The long hands of the law have caught a U.S. citizen after he pleads guilty in a U.S. Federal court to operate an unregistered Bitcoin exchange via LocalBitcoins.com. This is according to the Department of Justice press release published on the 29th of this month.
It was reported that Burrell, as he’s being called, admitted to the crime of selling hundreds of thousands of dollars in Bitcoin to over 1,000 customers in the U.S. from January 2015 to April 2016.
After Burrell took advantage of the popular peer-to-peer platform LocalBitcoins.com, he refused to register his business activities with the U.S. Financial Crimes Enforcement Network (FinCEN) of the U.S. Department of Treasury and also apply due diligence such as the anti-money laundering measures on the sources of his client’s funds.
To lure his unsuspecting customers, he negotiated his Bitcoin sales at a commission of 5 percent above the prevailing rate and accepted payments cash in hand, through ATMs or MoneyGram while communicating with them through encrypted emails or SMS apps.
Though at first, he started by purchasing his supply of Bitcoin through a U.S. based regulated exchange but his account was shut down later because of the huge sums of suspicious transactions on it.
Later he moved on to a crypto exchange based in Hong Kong, where he bought a total of $3.29 million value of Bitcoin cryptocurrencies, in hundreds of separate transactions, between March 2015 to April 2017. He even admitted that he had exchanged his U.S. currency with his San Diego-based precious metals dealer, Joseph Castillo.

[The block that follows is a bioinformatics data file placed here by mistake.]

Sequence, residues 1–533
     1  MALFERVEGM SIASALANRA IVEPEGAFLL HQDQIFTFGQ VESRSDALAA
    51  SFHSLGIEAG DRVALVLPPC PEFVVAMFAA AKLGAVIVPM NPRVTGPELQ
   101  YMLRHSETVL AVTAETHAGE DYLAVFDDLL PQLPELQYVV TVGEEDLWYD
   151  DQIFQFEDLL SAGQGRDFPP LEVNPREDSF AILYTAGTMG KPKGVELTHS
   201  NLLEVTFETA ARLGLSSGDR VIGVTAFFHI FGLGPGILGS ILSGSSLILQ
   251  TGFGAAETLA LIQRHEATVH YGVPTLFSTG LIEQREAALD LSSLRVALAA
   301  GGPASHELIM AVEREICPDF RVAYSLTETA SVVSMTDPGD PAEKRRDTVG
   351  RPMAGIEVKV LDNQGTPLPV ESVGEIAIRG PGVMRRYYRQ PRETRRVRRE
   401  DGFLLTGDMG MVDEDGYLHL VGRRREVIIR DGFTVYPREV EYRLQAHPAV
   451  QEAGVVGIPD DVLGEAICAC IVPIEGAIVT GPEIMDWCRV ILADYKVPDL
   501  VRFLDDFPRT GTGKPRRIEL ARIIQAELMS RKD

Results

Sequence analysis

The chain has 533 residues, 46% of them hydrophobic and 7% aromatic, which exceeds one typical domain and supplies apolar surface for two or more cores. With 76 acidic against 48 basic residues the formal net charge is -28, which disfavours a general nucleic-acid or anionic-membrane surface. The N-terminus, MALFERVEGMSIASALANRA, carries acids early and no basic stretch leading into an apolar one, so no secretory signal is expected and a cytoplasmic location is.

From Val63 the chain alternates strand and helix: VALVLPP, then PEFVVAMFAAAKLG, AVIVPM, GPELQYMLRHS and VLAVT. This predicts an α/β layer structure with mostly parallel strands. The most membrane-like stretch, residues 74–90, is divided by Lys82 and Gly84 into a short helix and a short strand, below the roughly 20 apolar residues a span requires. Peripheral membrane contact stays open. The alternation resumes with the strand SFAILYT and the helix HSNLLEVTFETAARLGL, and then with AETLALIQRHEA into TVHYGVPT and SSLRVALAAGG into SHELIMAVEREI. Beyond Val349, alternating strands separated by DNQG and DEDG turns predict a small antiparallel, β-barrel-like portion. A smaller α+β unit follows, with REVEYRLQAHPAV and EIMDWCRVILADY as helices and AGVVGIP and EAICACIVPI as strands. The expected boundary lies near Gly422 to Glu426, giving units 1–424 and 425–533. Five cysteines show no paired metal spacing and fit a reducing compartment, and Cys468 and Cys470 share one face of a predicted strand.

In the same period between late 2016 and early 2018, Burrell and some unnamed individuals imported over 1 million dollars on almost a daily basis
Castillo is set to be sentenced on February 11, 2019, after he pleaded guilty and agreed to forfeit a total of $823,357 to the United States. He faces a maximum sentence of five years imprisonment.
Adam Braverman, U.S. attorney, was cited in an announcement on this, saying that;
“Unlicensed money transmitting businesses, especially those operating at or near the border, pose a serious threat to the integrity of the US banking system, and provide an ‘open door’ for criminals to utilize such businesses to launder the proceeds of their illicit activities.”
This is another action U.S authorities have taken against cryptocurrency related scams. In June, an L.A. based trader who used the pseudonym “Bitcoin Maven” was prosecuted for running an unregistered multi-million dollars Bitcoin-fiat money transmitting business, also via LocalBitcoins.com listing.